Really tall guys dating short girls
The same paper found that 78 percent of short men out-earn their partners, as opposed to 69 percent of average men and 71 percent of tall men.That isn’t necessarily in and of itself a good thing (cough, gender wage gap, cough), it does suggest that short men are doing more to support their partners in terms of both housework finances.7. Finally, the paper showed that while divorce rates for tall and average-height men were comparable, they were 32 percent lower for short men.Yes, men of all statures are doing less housework than they should (how tall are the men who do 50 percent of it?), but short men are apparently less likely to leave their dirty dishes in the sink. Short men may also earn a larger share of the household income.But it’s not the Upper Paleolithic, and I don’t need anyone to defend me from a saber-toothed cat; it’s 2016, and we know that femininity is a social construct.If two people make each other laugh and want to have sex all the time, who cares which one is more compact? Research suggests that short men do a larger share of the housework.The thing is, as with many other masculine insecurities, this is predominantly in our heads. Worse, I’m the shortest of all my friends who range from 5’1o” on the short side, to 6’7″ on the tall side.
showed that in 92.5 percent of opposite-sex couples, the man was taller than the woman.
I didn’t want to mention it for the same reason that Tom didn’t want to mention it in his profile: because it’s irrelevant to anything that makes him a good accountant, husband, or father. He’s just been confronted with a very ugly reality that has shaken his confidence in people.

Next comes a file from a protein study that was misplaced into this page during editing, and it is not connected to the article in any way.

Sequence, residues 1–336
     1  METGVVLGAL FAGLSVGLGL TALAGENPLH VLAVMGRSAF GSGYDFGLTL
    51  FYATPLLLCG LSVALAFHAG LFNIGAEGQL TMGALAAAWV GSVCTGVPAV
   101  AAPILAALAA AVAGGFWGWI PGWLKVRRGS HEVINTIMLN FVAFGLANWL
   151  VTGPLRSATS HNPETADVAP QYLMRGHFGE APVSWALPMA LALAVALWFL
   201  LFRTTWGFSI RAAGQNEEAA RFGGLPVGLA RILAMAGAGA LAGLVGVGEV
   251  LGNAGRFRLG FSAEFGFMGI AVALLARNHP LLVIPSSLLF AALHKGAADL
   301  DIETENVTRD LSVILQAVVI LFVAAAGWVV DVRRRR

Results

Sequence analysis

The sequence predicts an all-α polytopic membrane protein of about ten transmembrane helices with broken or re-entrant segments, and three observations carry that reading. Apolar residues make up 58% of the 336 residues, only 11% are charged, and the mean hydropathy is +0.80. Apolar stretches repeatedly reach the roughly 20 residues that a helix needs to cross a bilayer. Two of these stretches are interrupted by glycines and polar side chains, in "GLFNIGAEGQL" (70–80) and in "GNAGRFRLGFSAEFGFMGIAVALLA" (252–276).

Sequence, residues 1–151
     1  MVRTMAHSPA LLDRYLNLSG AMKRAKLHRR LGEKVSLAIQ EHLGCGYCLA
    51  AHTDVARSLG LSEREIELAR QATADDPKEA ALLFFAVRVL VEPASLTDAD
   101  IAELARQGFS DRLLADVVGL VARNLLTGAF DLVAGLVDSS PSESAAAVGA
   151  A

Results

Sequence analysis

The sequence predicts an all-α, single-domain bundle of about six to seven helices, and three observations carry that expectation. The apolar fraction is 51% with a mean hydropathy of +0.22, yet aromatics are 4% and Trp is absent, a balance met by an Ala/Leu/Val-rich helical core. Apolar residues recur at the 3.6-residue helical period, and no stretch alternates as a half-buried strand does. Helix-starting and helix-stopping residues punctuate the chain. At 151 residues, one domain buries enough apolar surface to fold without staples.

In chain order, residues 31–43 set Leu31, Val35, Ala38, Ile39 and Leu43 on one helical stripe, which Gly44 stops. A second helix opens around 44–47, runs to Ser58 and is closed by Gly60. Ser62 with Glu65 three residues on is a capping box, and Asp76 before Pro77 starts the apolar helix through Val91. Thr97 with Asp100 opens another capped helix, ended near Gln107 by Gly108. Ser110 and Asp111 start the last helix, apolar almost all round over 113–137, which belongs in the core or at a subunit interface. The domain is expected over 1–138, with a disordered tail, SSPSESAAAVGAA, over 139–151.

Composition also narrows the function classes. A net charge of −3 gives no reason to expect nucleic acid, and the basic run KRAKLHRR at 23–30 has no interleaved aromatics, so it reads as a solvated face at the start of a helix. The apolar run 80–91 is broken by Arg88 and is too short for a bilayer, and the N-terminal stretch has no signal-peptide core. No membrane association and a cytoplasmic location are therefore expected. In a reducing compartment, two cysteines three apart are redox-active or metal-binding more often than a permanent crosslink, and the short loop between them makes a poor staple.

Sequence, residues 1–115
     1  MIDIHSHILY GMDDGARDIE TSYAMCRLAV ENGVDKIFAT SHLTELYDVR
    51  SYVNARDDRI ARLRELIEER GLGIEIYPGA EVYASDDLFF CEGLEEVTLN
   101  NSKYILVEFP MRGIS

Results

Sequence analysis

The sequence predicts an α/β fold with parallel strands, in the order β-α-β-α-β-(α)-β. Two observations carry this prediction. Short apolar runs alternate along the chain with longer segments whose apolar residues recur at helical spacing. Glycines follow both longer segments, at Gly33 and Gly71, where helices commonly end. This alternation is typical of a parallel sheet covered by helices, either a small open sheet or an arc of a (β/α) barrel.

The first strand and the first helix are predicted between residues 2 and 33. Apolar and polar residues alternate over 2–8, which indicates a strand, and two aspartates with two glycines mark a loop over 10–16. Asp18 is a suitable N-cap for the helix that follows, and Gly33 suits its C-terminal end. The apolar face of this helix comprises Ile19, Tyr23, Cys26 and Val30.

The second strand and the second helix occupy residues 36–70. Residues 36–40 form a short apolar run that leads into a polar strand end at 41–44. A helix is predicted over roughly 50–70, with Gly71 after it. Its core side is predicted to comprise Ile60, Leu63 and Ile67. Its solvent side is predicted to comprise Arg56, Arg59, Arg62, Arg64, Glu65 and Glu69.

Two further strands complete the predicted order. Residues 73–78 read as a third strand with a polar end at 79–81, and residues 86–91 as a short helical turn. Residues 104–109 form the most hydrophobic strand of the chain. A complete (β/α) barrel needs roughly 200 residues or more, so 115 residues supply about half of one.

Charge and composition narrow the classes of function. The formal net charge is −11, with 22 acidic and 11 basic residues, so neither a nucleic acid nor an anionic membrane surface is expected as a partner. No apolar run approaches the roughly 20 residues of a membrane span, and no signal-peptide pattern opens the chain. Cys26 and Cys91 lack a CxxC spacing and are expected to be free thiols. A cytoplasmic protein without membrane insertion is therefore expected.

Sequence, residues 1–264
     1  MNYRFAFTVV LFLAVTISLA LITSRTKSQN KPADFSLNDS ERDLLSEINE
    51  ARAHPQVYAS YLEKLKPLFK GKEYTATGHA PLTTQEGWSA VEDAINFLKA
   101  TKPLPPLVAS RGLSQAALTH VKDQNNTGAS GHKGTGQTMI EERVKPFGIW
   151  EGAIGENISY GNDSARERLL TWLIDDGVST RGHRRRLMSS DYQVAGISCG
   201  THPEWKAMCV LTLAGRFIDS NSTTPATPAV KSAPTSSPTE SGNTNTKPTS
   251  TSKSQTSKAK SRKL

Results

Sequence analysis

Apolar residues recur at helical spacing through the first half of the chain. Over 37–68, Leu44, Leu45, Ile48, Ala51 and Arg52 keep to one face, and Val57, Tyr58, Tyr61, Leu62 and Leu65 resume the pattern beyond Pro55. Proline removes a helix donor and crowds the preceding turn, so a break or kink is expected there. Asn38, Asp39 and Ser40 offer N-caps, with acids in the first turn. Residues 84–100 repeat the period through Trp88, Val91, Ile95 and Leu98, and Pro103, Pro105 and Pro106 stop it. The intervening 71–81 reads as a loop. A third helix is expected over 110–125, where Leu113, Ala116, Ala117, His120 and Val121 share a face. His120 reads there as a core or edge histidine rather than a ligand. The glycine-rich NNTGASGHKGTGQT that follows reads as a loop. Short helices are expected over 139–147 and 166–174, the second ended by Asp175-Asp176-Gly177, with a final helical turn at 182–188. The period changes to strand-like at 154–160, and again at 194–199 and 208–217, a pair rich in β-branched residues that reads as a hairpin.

Yet his height defines him, since it has prevented otherwise interested women from being interested in him over the course of his entire life. Okay, I’m kidding about the last part, but only because I’m so serious about the rest of this. And even though we had good initial results, the fact remains, empirically: women don’t want short men.
A 2014 working paper from the National Bureau of Economic Research on men’s heights and relationship dynamics found that on average, short men (here defined as 5-foot-7 and below) did eight hours and 28 minutes of housework per week, or about 28 percent of the total.
Tall men (6-foot-2 and above) completed about seven hours and 30 minutes a week, while men of average height did seven hours and 38 minutes.